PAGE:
The mere thought of Mercedes-Benz uprooting its US headquarters, it turns out, is enough to cause quite a ruckus.
Though the German luxury automobile maker has yet to even publicly announce any intent to move their U.S. headquarters out of the state of New Jersey, many state officials are already concerned about the repercussions of such a move. In fact, it has caused them to publicly campaign to try to keep the company, along with the roughly 1,000 jobs, within the state.
The possibility of Mercedes-Benz USA moving from their Monvale bases arose in the midst of the state ramping up its tax incentives. The move is aimed at bringing companies into the state while retaining those it already has.
In 2014 alone, the state of New Jersey has already promised more than $2 billion in tax breaks to automotive companies. One company that has agreed to stay because of it is Subaru.
The tax incentive has been widely effective. In fact, the tax break has not only attracted car companies exclusively, as the basketball team Philadelphia 76ers of the National Basketball Association already has plans to move their offices, along with their practice facility, to Camden while continuing to play in Philadelphia which is only a short drive away.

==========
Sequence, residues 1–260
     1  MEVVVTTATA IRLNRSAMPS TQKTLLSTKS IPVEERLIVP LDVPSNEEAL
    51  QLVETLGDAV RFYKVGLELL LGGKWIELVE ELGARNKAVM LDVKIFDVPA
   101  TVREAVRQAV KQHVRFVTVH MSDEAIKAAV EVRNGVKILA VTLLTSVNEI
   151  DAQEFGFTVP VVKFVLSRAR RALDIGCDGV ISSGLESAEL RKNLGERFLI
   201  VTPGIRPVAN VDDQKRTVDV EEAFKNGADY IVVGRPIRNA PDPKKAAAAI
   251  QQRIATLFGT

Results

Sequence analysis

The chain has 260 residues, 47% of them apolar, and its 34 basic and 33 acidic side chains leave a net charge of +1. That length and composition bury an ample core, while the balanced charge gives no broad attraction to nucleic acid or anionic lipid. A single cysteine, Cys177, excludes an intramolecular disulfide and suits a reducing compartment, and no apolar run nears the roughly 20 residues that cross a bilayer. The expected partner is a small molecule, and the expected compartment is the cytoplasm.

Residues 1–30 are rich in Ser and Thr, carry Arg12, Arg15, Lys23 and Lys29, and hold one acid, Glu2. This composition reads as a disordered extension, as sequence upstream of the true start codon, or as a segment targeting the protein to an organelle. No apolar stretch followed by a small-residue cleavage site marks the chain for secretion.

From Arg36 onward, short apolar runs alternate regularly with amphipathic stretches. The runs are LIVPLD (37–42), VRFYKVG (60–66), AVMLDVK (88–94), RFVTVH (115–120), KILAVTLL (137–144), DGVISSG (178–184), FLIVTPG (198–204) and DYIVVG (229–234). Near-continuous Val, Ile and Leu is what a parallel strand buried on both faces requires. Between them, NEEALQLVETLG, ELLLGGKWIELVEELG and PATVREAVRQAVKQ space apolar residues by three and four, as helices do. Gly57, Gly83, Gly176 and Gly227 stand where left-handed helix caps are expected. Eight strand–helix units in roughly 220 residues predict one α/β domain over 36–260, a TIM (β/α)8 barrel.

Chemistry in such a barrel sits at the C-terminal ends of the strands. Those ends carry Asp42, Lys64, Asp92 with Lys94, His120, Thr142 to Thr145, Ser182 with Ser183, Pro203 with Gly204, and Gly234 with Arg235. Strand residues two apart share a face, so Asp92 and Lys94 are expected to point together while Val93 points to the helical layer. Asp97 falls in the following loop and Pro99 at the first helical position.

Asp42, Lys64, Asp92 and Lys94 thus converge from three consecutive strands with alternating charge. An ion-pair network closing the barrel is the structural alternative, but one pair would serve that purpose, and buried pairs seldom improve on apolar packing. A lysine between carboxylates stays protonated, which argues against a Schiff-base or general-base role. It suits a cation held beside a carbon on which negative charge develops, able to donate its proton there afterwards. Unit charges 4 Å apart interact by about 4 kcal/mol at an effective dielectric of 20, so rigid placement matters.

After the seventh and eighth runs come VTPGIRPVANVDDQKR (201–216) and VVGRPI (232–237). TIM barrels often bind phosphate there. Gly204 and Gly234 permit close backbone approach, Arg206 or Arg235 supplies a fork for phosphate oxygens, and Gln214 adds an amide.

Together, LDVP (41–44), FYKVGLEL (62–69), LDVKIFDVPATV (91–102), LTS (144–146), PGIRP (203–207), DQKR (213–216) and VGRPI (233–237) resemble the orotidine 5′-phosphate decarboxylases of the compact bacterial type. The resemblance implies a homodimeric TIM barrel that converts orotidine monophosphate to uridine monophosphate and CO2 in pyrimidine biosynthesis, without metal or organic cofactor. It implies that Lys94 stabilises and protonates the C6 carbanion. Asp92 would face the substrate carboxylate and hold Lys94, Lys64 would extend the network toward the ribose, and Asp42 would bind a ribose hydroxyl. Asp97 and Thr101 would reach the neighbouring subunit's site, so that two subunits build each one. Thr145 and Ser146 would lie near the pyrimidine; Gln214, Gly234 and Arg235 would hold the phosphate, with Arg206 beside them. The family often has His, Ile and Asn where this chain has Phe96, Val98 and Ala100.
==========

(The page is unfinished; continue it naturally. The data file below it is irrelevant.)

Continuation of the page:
While the aforementioned tax incentives have indeed brought in new businesses, the fact still remains, though, that the state has still lost some of its major businesses. Two solid examples of this are the major car rental company Hertz Corp., which is moving from NJ to Estero, Florida, to the tune of $85 million in tax breaks, and Sealed Air Corp., the Bubble Wrap maker, which is moving to Charlotte, North Carolina, because of $35 million in tax breaks.
It is for this reason that there has been a cause for concern among lawmakers. In fact, three state lawmakers who are representing the district where the Mercedes-Benz offices are located have already written a letter to the company asking it to stay.
One of the three, Assemblywoman Holly Schepisi, stated that she had already spoken to Mercedes-Benz executives about incentives that await the company should they decide to stay. She further elaborated that she fully expected the company to make official announcements regarding its plans within the coming weeks.
“It’s something where it goes well beyond just the loss of those jobs,” Schepisi said. “You’re talking about the impact it would have on the small businesses in the area — restaurants, dry cleaners, cleaning crews.”